Today's post comes to us from Amanda Sheuzger, designer of the dazzling Cypri from our Winter issue (not to mention these lovely mittens, this gorgeous hat, and this striking tank). You can also find it (and more) on her blog, here. Amanda gives us a peek into the designing process, and how rejection can lead to inspiration. Enjoy!
I have been amazed with the wonderful response I have received for my latest design for Twist Collective, Cypri, mainly because it actually began with a rejection letter. A year earlier, I had submitted a design idea for a shawl that didn’t make the cut. I felt strongly about the idea – slip stitch cables on a striped background. They create a strong graphic and are really fun to knit. So I went back to the drawing board and reworked the design.
First, I changed the shape. The original was a top down triangle; this one would be a crescent shape (which is what I would actually prefer to knit for myself.) I liked the idea of lots of detail at the bottom edge, and less detail in the short row shaping portion.
Next I looked at the cable design. The pattern in the original submission was inspired by a traditional twisted-stitch pattern. This design needed something unique, so I began sketching. I started with the idea of a long strand of gems hanging from a chain.
The first sketches (above, left) were okay, but when I turned one upside down, I liked it much better. The design started to fall into place. I refined the shapes and they began to remind me of lady’s slipper orchids (above, right).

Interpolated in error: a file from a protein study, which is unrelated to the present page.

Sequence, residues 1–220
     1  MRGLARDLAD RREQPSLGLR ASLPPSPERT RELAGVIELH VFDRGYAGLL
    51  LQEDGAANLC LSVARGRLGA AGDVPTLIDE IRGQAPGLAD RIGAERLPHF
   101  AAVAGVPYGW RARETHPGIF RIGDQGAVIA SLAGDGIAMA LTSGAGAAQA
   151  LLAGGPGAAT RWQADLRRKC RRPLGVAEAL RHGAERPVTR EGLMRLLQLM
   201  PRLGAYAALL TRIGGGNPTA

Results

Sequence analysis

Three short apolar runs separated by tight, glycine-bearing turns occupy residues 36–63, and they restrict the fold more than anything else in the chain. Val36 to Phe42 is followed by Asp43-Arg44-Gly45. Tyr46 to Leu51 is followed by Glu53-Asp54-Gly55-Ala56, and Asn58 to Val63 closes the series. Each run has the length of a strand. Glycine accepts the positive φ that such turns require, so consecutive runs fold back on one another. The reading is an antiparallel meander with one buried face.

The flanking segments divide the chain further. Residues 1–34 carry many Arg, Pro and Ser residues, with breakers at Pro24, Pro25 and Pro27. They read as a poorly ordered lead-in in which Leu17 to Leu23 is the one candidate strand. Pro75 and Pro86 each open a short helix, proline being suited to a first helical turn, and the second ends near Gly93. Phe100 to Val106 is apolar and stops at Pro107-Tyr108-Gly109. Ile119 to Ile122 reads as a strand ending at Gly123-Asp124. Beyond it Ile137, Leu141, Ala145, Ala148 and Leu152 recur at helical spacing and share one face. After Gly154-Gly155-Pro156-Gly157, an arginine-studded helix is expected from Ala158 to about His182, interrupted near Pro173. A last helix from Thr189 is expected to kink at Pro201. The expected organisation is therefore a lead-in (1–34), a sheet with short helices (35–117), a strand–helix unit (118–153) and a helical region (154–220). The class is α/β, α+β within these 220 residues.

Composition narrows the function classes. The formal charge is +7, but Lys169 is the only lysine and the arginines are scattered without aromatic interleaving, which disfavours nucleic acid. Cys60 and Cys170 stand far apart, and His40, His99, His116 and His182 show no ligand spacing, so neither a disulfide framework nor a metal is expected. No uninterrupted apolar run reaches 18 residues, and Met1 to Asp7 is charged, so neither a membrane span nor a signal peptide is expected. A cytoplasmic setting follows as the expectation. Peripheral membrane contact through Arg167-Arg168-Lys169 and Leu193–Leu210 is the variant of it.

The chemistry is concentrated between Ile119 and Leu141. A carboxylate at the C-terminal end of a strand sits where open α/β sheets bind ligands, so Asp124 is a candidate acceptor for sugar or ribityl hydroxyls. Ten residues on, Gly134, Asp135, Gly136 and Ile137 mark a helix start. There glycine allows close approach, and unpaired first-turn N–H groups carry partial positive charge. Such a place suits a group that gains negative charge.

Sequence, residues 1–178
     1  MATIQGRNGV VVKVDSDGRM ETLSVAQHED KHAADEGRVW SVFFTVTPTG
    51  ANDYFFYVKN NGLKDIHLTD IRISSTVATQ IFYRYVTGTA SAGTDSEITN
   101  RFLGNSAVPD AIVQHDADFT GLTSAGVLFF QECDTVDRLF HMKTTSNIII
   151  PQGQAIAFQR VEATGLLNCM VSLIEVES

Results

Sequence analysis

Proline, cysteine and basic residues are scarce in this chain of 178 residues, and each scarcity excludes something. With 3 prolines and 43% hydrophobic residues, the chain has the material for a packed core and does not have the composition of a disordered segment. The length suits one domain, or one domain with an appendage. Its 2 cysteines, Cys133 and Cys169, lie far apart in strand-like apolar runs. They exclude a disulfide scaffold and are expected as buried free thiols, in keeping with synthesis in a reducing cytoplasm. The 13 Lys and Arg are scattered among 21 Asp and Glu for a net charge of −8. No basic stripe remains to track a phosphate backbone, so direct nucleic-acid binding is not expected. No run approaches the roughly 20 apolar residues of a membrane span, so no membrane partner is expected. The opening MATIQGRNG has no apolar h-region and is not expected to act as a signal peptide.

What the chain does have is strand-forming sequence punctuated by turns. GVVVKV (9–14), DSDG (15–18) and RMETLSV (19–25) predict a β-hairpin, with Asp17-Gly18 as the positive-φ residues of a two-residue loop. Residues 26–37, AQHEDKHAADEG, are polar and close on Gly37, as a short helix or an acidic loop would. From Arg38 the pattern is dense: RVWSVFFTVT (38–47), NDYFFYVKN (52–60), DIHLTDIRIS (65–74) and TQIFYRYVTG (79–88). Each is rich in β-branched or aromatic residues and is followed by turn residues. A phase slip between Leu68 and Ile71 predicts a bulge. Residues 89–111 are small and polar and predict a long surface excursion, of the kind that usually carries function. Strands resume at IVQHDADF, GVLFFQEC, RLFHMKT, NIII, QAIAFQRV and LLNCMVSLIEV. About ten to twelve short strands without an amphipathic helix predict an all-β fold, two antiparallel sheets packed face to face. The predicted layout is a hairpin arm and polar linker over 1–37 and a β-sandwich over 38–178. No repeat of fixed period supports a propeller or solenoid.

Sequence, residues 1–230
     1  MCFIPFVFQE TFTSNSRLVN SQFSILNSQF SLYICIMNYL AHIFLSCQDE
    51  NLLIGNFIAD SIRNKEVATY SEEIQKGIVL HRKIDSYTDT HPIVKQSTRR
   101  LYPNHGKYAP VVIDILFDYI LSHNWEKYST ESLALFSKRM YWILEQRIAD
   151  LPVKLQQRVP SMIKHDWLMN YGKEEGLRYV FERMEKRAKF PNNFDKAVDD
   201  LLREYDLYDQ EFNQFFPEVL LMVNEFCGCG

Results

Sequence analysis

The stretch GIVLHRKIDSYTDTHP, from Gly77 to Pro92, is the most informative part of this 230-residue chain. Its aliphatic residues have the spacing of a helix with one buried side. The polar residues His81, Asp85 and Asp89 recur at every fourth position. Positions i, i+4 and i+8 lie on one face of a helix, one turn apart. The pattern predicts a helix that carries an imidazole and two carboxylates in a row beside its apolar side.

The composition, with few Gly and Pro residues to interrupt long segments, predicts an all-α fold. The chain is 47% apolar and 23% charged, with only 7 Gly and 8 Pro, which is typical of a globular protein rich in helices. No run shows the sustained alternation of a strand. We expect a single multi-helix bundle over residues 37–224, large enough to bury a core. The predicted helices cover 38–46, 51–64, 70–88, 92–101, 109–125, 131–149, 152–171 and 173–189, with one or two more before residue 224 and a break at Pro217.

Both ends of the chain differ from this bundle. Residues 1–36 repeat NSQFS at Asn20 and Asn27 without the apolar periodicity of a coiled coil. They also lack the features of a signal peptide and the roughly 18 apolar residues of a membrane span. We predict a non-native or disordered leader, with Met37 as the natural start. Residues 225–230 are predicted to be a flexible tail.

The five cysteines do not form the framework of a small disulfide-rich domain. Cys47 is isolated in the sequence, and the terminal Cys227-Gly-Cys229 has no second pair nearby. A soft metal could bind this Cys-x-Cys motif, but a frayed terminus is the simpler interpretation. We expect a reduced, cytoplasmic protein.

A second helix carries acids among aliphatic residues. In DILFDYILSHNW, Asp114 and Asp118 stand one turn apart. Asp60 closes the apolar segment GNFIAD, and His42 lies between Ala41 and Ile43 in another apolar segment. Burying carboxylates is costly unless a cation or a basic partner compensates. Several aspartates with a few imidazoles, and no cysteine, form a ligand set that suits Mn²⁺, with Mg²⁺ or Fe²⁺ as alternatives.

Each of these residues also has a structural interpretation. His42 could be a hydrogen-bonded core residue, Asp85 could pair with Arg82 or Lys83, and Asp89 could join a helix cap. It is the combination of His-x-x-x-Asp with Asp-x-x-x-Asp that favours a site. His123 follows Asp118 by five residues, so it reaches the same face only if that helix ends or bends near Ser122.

The next step was to turn the sketch into something knittable. I lightly sketched the shapes on graph paper, trying to keep in mind the scale and potential gauge. Then I charted the cable symbols right over the sketchy lines. This step involved a lot of erasing as I worked out the cable crossings. I refined it bit more as I knit the swatch. It was finally ready to submit.
The sample I knit for Twist is in Breathless by Shalimar Yarns. It is a superwash merino/cashmere/silk blend that is very soft and creates a fabric with the perfect drape for this shawl. While I love the colors of the sample, byzantium and mole, I want to knit my own in bing and scarab, a purple and teal combo similar my swatch. Or maybe glacier and driftwood, or copper pennies and black truffle. I could go on and on, there are so many colors to choose from.